Train Your Dog To Love The Crate

crate train your dog

There are many arguments against crate training. For some people it seems to conjure up feelings of imprisonment and cruelty.  They just see it as a dog cage… To the contrary, crate training can not only be useful tool for all sorts of behavioral training, but it can also give your dog some personal space in your home. In this article, we’re going to help you train your dog to love the crate!

First and foremost, the crate is somewhere Fido can go and not be bothered. He can stay out the reach of the kids, visitors, and run there to enjoy that delicious piece of rawhide. When your dog feels safe in his crate, it can be used as a warm and effective way of house-training. You can use your crate to create a routine for your dog, and restrict access until he understands the house rules.

In addition, a crate can be useful when traveling. A dog that’s crated in the car has better chance of surviving a car accident and no chance of causing one. In addition, you can crate your dog in hotels or when visiting friends and family whose homes are not particularly dog friendly. Also, at some point Fido may get sick or injured, and the crate can be the perfect place to limit his movement to allow for proper healing.


Step 1
Choose the right crate. Make sure the crate is only big enough for your dog to stand up, lay down, and turn around. Folks often make the mistake of getting a large dog crate that’s way too big for their new puppy. If the crate is too big then the dog ends up using one side as their bedroom the the other as their bathroom. In addition to size there are many different crate options. For training I recommend either a wire crate or a plastic travel crate. Both have their own advantages and disadvantages.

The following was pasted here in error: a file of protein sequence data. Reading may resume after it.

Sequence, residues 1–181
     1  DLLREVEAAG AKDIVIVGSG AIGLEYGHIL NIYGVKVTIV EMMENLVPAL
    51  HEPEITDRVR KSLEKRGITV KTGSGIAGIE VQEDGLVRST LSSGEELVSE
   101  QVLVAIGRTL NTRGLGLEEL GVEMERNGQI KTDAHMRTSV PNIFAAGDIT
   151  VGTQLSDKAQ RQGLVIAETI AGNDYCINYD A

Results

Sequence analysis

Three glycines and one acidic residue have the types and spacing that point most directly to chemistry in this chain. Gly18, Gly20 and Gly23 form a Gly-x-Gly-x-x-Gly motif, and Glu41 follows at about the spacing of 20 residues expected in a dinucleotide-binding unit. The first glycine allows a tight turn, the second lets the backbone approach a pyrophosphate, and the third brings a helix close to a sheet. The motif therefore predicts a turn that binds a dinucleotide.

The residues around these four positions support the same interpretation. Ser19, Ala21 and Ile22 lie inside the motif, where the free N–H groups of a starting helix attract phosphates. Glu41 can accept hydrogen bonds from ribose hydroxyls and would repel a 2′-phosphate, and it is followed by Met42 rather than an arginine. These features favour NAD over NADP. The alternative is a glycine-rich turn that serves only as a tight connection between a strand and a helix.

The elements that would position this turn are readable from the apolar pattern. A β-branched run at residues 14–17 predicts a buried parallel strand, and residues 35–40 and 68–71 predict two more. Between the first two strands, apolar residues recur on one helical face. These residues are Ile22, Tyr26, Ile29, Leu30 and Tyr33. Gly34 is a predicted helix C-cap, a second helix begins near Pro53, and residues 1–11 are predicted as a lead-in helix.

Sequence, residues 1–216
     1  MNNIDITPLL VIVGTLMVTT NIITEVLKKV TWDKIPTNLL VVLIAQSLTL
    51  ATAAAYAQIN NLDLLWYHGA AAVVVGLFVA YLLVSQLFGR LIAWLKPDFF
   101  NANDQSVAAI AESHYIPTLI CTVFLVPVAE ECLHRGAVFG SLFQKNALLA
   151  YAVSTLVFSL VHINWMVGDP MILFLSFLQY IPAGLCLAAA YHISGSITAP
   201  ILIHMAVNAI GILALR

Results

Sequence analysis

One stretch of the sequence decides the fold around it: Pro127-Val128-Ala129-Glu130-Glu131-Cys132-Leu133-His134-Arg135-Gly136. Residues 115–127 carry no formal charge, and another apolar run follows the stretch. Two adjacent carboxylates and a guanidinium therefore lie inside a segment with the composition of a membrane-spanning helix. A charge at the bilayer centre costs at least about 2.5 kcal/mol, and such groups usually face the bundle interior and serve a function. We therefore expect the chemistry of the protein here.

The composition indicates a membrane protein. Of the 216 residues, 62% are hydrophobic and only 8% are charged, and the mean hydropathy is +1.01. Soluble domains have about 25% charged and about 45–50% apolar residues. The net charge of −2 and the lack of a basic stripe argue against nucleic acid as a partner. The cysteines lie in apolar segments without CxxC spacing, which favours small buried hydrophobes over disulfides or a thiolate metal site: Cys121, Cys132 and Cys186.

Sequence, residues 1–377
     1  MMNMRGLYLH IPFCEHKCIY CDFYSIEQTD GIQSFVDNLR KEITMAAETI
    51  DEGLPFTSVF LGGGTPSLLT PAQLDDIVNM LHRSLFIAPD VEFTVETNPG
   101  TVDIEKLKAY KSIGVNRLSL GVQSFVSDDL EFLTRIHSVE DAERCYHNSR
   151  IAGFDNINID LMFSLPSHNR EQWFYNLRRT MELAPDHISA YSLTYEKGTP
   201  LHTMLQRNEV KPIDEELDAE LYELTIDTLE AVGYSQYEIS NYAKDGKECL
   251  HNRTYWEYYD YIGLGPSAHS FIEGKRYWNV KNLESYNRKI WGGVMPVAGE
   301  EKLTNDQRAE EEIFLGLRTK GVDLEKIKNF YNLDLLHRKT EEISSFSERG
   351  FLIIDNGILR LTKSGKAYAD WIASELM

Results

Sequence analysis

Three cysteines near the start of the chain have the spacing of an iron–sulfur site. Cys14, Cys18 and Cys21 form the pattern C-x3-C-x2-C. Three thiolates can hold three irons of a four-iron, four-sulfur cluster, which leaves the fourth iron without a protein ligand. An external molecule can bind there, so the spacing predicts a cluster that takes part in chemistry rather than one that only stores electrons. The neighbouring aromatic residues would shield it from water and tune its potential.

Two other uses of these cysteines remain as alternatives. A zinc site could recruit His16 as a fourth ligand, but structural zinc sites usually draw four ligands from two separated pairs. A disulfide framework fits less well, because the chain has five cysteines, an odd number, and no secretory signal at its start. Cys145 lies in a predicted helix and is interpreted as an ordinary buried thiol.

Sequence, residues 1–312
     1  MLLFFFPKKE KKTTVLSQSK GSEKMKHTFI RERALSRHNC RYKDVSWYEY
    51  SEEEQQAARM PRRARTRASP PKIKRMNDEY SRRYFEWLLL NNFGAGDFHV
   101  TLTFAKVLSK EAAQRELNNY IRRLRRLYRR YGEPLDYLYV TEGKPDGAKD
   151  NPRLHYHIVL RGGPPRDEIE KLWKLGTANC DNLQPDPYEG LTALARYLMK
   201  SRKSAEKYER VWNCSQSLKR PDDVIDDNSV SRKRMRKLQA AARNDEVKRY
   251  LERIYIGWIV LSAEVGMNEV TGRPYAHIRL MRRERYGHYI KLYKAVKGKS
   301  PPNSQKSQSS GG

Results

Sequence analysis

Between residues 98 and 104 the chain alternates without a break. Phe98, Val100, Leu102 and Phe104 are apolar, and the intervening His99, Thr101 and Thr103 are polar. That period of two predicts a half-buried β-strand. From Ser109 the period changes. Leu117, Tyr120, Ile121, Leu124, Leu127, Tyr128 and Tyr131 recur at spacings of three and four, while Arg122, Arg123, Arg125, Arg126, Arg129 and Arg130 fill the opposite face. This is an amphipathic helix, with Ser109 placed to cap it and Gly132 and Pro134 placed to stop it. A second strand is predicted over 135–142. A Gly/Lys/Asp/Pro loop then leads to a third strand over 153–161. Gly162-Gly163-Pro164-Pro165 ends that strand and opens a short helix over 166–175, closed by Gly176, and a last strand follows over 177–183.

Step 2
Give the crate some value. At this step you need to have some tasty treats for you pup. (I always recommend natural balance dog food rolls.) I want you to get your puppy relaxed and taking treats right outside of the crate. Once the dog has taken a few treats out of your hand and off of the ground in front of the crate, throw a couple of treats in the crate. I want you give the command “crate” and mark the behavior with a “good” or “yes” when your puppy goes in the crate. NOTE: At this point the door to the crate should stay open allowing the dog to go in and out as it pleases. Stay at this step for a bit, and keep tossing treats inside.


Step 3
Access is a privilege. By now your pup should be excited about going in and out of the crate. Next, time Fido is out of the crate, I want you to put a bunch of treats inside and close the door. When the door is latched closed, stand back and watch your pup try to figure out how to get in. When the dog is trying it’s best to get in, open the door, let the dog in and close the door behind him. Don’t lock it; just hold the door closed. When Fido turns to come out, hand him a treat through the gate and then open it. Repeat this step a few times, and your dog will begin to love his crate.


Step 4
Add duration. Repeat Step 3 and gradually start leaving the door closed longer; always giving treats before opening the door. If this is going well, then it’s time to close and latch the gate. Once you latch the gate, throw a couple of treats in from the front and the sides, then step away from the crate. Gradually add more time when you step away before returning to give treats through the door. Once you’re able to step away from the crate for 30 seconds or more, you’re ready for Step 5.


Step 5

Jackpot. At this point, Fido is taking to the crate nicely, and it’s time to leave him in there for a little while. You need to up the ante here… get a marrow bone, a frozen kong with frozen peanut butter in it, or a bully stick. You need a treat with high value that will last a while. Note that some dogs will be more concerned about getting out than the treat you leave in there. The key here is to leave the dog in the crate regardless at this point. NEVER let the dog out of the crate when they bark or whine. If you do, you’re reinforcing their tendency to bark or whine when you put them in there. Wait a minute or so for them to stop and settle before you let them out again.


In conclusion, If your dog is still giving you a hard time about going in and staying in the crate, I would recommend feeding all meals in the crate and putting the dog’s water bowl in the crate. If your dog won’t go i there to eat, then he’s not really that hungry. Also, give Susan Garrett’s Crate Games a try. It can make the whole experience a game for your dog. Happy Training!

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